Photo Surfaces Capturing SoCal's "Green Fireball"

The sightings come after a series of sky spectacles, including a fireball over Russia

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    NEWSLETTERS

    NOTE: The authenticity of the still photographed used to illustrate this story could not immediately be verified. However, people up and down Southern California did see a fireball lighting up the sky Thursday night. Gordon Tokumatsu reports from Griffith Observatory for the NBC4 News at 5 p.m. on Feb. 22, 2013. Photo provided courtesy SouthernCaliforniaWeatherAuthority.com.

    EDITOR'S NOTE: The authenticity of this photo could not immediately be verified. The story has been edited to reflect that.

    A photo surfaced Friday afternoon that appeared to capture the bright light seen by dozens of Southern California sky watchers.

    About 50 people contacted the American Meteor Society on Thursday with reports of a "green fireball" lighting up the sky. Sightings were reported in Ventura, Anaheim, Van Nuys, Los Angeles, Paso Robles, San Francisco and Santa Barbara, according to the group's website.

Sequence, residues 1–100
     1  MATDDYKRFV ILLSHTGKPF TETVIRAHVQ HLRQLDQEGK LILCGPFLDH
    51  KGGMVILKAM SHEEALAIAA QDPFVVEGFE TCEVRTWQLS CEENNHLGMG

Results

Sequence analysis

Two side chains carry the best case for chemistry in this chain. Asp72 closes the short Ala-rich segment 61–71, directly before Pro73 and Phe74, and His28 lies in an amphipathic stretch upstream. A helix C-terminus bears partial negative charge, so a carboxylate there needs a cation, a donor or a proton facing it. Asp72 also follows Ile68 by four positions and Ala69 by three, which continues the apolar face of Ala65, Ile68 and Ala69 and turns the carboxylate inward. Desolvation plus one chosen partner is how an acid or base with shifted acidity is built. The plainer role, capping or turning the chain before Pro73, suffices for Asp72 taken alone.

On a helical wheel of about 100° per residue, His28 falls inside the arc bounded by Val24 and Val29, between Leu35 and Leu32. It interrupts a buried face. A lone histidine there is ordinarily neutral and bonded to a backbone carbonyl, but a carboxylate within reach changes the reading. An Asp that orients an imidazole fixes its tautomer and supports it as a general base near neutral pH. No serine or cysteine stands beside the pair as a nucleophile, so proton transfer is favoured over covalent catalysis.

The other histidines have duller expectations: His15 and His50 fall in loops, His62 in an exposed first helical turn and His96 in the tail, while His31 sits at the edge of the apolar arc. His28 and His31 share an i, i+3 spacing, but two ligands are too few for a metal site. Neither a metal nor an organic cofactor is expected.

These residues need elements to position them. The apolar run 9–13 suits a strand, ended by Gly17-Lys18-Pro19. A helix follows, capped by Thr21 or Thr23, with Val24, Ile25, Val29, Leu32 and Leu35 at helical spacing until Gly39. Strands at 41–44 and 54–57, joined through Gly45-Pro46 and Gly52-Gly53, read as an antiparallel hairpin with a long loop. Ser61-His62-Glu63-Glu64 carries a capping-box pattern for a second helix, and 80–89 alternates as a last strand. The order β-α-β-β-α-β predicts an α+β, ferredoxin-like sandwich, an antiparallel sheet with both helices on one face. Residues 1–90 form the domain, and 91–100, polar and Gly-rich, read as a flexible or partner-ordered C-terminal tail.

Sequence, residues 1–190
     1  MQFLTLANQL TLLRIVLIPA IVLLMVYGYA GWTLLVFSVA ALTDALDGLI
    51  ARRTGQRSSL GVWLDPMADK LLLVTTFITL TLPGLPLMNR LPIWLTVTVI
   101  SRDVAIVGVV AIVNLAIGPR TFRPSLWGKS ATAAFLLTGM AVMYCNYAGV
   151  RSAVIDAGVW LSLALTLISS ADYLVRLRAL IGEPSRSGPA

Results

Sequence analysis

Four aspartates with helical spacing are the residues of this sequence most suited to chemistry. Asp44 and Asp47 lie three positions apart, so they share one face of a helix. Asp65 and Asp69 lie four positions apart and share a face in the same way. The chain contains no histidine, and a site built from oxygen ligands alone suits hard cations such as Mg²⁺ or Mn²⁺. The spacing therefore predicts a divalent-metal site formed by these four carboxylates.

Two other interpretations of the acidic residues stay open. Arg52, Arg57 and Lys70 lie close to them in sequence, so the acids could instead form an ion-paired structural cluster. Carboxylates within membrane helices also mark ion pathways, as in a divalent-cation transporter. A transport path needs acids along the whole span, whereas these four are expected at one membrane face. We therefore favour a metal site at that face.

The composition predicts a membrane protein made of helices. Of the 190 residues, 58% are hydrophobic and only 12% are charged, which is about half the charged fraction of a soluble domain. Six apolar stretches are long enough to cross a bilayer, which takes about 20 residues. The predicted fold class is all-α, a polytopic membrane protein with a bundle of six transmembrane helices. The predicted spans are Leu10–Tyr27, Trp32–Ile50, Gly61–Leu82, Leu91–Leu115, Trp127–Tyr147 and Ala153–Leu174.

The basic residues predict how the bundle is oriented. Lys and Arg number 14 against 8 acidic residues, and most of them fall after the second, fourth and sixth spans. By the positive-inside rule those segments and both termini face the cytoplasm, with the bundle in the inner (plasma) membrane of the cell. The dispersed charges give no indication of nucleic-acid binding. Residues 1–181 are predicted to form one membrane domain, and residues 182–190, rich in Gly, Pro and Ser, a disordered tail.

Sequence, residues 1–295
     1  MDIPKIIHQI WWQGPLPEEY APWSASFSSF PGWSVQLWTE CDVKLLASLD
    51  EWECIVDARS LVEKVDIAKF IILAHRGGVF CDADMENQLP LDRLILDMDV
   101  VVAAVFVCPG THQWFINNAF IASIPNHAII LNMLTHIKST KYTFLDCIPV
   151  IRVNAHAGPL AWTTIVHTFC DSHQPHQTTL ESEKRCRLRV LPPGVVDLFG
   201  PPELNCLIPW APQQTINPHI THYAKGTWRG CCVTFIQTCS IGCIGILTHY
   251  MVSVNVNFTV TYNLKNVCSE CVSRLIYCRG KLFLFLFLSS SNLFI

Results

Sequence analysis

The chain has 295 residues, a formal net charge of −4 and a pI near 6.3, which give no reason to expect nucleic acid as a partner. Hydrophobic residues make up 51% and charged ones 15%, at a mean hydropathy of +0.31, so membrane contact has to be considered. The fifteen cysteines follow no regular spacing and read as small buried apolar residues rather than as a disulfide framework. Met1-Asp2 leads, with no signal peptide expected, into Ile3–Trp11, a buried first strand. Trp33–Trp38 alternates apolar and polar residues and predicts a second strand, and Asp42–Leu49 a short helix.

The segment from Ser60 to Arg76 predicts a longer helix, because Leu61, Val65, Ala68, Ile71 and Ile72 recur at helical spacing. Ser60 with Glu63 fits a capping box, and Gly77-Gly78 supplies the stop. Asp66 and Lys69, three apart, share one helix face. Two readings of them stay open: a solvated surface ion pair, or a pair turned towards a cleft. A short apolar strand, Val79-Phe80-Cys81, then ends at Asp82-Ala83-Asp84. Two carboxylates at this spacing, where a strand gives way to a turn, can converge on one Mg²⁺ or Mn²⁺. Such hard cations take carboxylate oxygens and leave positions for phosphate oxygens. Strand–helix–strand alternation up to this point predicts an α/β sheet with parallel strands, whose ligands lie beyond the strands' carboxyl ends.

Photographer Susan Lary of the Southern California Weather Authority said she captured the so-called fireball, and provided an image to NBC News.

    Lary's photograph (pictured, above) was taken with a 1-minute exposure in Lancaster, Calif., facing southwest.

    Did you see it? Send your photos and video to isee@NBCLA.com | Q&A: Meteors, Meteorites and Asteroids

    "I saw a light and looked directly at the meteor as it came down in the ocean off Corona Del Mar. Bits came off, and it was bright white," Laguna Hills resident Patric Barry wrote in an email to NBC4.

    Barry spotted the object out of his living room window about 10:35 p.m.

    The sightings come days after Bay Area residents were treated to a light show of their own when a fireball was seen streaking across the sky. Another fireball sighting was reported this month in Florida, but the most spectacular celestial event occurred when a meteor soared over Russia before the rock slammed into Earth's surface, sending shockwaves across a widespread area.

    The sightings were reported as a 150-foot asteroid estimated to weigh 143,000 tons -- dubbed 2012 DA14 -- made an historic fly-by.

    Correction: A previous version of this article stated the estimated size of DA14 at 50 feet. The correct figure is 150 feet.